Lucid Culture

JAZZ, CLASSICAL MUSIC AND THE ARTS IN NEW YORK CITY

Eclecticism Par Excellence at the Bulgarian Consulate

It wouldn’t be fair to let the week go by without mentioning the fascinatingly eclectic and intuitive performance that violinist Miroslav Hristov and pianist Vladimir Valjarevic put on at the Bulgarian Consulate this past Wednesday. Conceptually, the program featured composers from the Balkans and adjoining areas, from Italy all the way to Turkey, spanning from the Romantic to the 21st century. The musicians opened with the Petite Suite No. 2 for Violin and Piano by Nikos Skalkottas, shifting from lively astringencies to a quaint, wormwood-tinged surrealism, Hristov’s bracingly, vivid, occasionally searing sostenuto contrasting with Valjarevic’s matter-of-factness, casually swaying rhythm in almost ironic juxtaposition with the melodies’ bright harshness. Ildebrando Pizzetti’s Tre Canti for Violin and Piano took a casually strolling detour into neoromanticism, ending with a big cinematic theme.

Fazil Say’s Sonata for Violin and Piano was next. Part one, Melancholy, is a requiem, the plaintiveness of the violin veering into and back again from outright anguish as Valjarevic anchored it with an only slightly less apprehensive insistence. Part two, Grotesque came across as more of a parody of moody Romantic tropes including a macabre marionette’s dance with some jagged, grisly overtones from Hristov. About midway through, the duo left any thought of parody behind and went straight for the jugular. It was the night’s big, awestruck moment. The next work, Gian Francesco Malipiero’s Il Canto nell’ Infinito, reached for a more muted, dynamically-charged mysticism, followed by the pensive ballad Il Canto della Lontananza.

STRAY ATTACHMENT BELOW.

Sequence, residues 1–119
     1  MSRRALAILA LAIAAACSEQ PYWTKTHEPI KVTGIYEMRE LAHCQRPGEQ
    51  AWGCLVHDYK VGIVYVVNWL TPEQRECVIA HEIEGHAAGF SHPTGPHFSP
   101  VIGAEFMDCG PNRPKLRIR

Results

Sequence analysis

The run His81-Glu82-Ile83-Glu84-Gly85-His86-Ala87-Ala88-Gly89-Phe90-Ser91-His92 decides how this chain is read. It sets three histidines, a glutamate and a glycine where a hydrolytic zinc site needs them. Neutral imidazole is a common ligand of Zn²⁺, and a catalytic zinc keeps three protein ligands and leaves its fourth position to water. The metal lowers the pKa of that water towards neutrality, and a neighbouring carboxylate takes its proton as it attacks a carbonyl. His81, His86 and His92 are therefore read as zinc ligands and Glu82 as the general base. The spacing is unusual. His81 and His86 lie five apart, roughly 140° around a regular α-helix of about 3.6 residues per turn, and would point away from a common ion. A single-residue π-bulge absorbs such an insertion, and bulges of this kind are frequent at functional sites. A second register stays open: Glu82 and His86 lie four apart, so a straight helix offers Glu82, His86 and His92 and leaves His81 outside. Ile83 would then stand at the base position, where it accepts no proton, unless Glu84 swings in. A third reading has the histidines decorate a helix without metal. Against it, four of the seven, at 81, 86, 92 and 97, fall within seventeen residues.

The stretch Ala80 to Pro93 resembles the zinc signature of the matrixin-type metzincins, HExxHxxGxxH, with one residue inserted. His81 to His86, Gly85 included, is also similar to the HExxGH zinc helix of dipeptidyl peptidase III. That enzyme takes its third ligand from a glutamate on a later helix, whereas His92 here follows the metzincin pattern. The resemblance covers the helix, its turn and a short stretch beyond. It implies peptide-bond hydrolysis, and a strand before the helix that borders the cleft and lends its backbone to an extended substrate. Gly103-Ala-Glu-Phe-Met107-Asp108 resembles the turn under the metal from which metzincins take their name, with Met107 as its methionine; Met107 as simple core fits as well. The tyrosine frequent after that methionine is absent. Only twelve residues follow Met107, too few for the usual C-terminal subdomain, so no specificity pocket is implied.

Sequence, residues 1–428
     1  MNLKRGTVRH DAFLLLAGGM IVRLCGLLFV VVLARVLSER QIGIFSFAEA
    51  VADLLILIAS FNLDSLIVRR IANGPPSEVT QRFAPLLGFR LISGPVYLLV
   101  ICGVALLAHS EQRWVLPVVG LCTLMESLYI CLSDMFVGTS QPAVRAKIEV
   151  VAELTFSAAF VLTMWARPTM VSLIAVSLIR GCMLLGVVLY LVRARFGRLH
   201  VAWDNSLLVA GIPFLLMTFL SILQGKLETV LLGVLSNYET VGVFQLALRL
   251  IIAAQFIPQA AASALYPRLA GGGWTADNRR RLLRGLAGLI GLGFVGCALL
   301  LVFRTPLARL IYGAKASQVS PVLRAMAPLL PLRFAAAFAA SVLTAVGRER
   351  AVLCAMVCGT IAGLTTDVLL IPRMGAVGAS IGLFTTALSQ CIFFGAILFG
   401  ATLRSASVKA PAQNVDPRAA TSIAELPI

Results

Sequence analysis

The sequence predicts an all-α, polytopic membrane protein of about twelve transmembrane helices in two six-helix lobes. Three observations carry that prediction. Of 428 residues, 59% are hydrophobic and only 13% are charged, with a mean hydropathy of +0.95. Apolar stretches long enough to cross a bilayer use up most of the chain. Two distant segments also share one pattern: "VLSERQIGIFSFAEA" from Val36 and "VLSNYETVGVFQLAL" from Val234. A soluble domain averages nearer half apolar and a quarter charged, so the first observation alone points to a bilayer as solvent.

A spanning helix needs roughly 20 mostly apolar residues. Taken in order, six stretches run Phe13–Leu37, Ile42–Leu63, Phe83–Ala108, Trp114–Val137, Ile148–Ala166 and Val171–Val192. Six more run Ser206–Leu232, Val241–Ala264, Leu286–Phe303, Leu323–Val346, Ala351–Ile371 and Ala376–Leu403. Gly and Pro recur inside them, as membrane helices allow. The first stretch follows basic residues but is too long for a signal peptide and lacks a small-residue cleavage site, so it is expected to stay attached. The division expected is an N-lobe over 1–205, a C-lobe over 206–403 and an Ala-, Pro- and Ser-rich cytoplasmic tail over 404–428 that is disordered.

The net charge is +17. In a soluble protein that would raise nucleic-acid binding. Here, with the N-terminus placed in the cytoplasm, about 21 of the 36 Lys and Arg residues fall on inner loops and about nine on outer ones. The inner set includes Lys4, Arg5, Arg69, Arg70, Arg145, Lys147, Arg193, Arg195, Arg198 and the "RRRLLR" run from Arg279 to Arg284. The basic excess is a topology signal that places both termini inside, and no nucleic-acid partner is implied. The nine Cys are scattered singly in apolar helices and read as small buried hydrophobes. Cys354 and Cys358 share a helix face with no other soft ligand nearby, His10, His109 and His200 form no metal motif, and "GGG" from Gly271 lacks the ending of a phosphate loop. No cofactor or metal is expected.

After a scampering take on Nino Rota’s Improvisso in D Minor for Violin and Piano, “Un Diavolo Sentimental” that managed to be jovial without losing sight of devilishness, Hristov and switched the mood radically for the richly hypnotic, glacially shifting, Messiaenesque tectonics of Aleksandra Vrebalov’s Eastern Chapel Meditation. As an evocation of the stillness and mystical ambience of a chapel hidden at the back of the Cathedral of St. John the Divine, it hit the mark – except for the electronic backing track, which mingled what may have been plainchant with swooshy atmospherics. But rather than enhancing the mood, it was a distraction, not unlike the crowds of tourists who’d rather yak at each other and eat crunchy snacks as they wander through the church, snapping random photos with their phones. The closing number was George Enescu’s Sonata for Violin and Piano No. 3, Op. 3, bristling with smoldering gypsy melodies, a brooding nocturnal gleam and a coda that gave both piano and violin a chance to spread their wings and go out on a biting, acerbically charged note.

It’s surprising that the most-monthly concert series here hasn’t outgrown the quaint, old-world second-floor space here. Which isn’t to say that the ambience is anything but enjoyable:  these concerts simply deserve to be far better known than they are. The next one is on May 9 at 7:30 PM with the winner (TBD) of their “Music and Earth Competition.”

April 15, 2012 - Posted by | classical music, concert, Live Events, Music, music, concert, New York City, review, Reviews | , , , , , , , , , , , , , , , , ,

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